The term “low slope” roof gets thrown around a lot when talking about the best rooftops for buildings, especially commercial roofing, but the term isn’t very illuminating and deserves a closer look when considering roof upgrades or new installations.
Let’s take a closer look at what exactly low slope means, the real benefits that low slope rooftops have, and why they tend to make good choices for commercial projects.
The Truth Behind Low Slope Rooftops
A low-slope rooftop is any roof with a particularly low pitch – low enough that you cannot effectively use shingles on the roof. For many commercial buildings, these slopes are so low they may look flat at first glance. However, low slope rooftops are always designed so that they have the right pitch and drainage options to channel off water. This helps prevents water from forming long-lasting puddles after rain, which can damage the roof.
Most low slop rooftops have a pitch ratio of 2:12. That means for every 12 inches the roof covers horizontally; it rises two inches or less. The flat nature of these rooftops means that roofing materials can quickly be applied in rolls of protective layers – and they have other benefits as well. Let’s take a look at why businesses should always consider low slopes for their buildings.
The lower the slope, the fewer materials need to be used in roof construction, which leads to significant cost savings for everyone involved. Low-slope roofing materials and membranes are also designed to be installed quickly and maximize their coverage, which makes them ideal fits for large rooftop spaces that need protection. Where more durability or a unique appearance is necessary, there are also metal panels and other alternatives that can provide different advantages.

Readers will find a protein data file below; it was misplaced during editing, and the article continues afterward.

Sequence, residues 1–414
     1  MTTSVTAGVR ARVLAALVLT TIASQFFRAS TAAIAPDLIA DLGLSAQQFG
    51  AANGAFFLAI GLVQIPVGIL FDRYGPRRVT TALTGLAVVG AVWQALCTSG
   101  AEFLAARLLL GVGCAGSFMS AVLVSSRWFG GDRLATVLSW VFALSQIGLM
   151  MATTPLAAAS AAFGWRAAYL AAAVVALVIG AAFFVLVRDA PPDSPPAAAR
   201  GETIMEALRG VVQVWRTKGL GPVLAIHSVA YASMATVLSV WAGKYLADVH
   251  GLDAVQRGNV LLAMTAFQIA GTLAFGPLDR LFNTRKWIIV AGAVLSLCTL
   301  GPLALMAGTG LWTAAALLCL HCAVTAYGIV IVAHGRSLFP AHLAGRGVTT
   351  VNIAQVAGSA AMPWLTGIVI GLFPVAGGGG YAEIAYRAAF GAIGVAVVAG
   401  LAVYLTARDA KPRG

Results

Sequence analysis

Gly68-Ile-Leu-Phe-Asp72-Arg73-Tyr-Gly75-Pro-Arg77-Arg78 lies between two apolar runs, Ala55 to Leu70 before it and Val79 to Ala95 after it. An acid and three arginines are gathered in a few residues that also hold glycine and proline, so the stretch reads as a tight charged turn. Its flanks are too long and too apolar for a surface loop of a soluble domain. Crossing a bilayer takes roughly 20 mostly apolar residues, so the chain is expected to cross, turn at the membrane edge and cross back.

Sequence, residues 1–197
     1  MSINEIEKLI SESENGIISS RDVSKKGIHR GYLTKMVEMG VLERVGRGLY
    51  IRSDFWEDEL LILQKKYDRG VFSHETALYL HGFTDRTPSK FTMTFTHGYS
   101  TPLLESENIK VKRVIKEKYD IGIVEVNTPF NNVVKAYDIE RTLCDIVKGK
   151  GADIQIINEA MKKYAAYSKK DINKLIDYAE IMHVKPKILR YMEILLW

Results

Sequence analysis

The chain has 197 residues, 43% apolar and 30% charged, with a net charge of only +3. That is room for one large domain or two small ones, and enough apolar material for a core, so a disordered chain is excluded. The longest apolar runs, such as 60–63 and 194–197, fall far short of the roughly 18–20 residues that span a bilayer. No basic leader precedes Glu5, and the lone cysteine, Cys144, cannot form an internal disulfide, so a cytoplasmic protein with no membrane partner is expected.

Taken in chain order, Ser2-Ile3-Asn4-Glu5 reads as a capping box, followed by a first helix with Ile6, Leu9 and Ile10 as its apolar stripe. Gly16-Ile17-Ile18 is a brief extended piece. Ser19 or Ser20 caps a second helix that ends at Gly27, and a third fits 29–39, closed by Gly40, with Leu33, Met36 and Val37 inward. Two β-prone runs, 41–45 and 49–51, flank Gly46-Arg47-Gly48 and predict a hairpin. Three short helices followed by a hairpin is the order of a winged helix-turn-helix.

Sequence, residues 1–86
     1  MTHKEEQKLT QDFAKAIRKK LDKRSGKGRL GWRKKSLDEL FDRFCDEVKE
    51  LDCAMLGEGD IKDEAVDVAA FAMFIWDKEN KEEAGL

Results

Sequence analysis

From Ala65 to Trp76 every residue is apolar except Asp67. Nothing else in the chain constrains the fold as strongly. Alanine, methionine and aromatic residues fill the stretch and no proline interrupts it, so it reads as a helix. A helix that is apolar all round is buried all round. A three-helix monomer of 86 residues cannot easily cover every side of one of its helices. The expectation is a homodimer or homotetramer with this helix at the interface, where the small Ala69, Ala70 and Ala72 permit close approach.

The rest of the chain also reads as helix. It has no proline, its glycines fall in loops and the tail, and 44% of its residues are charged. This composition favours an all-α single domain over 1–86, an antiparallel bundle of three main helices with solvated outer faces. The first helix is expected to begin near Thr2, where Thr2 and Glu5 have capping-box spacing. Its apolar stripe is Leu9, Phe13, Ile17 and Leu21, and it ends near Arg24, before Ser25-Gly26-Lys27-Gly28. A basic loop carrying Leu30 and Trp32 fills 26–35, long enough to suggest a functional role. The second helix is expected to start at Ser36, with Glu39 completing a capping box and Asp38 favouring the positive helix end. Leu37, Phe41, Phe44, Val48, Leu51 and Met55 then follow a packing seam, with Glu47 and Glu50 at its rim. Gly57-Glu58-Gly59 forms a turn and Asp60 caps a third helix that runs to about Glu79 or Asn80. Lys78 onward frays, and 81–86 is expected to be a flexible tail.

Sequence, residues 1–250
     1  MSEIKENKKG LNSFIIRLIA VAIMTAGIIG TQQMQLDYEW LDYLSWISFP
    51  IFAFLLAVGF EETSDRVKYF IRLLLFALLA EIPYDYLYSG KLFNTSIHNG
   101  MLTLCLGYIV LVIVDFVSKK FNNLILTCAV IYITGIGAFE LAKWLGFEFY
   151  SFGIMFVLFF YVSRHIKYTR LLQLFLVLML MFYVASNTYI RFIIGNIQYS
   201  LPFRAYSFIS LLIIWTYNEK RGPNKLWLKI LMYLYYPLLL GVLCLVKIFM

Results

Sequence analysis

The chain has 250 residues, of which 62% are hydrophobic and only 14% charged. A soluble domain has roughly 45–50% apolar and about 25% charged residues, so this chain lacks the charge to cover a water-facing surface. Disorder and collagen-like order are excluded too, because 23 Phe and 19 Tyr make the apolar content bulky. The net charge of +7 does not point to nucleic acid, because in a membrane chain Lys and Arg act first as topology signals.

The higher the slope of the roof, the more it has to deal with the wind, and the more precipitation it encounters. That leads to extra wear and tear that can cause problems while reducing the life of the roof. A low-slope roof doesn’t have to withstand as much pressure from the wind
Low slope rooftops can also be installed with reflective layers and lighter-colored materials that can reflect more sunlight. This may not seem like a significant difference, but during the hotter days, larger buildings like warehouses can absorb high levels of heat from sunlight, which means that cooling systems have to work much harder to keep the building at a reasonable temperature. Reflective layers reduce this heat absorption, saving wear on AC systems and energy bills.
A low slope roof is relatively easy to patch if something goes wrong. An experienced technician can inspect a roof for damage (after a storm) and make quick repairs before serious leaks can develop.
Do you have additional questions, or would you like to get a quote for a low slope roof? Contact MG Roofing, Inc., and we will be happy to help out. Ask us about what low-slope roof materials would be a good fit for your building as well.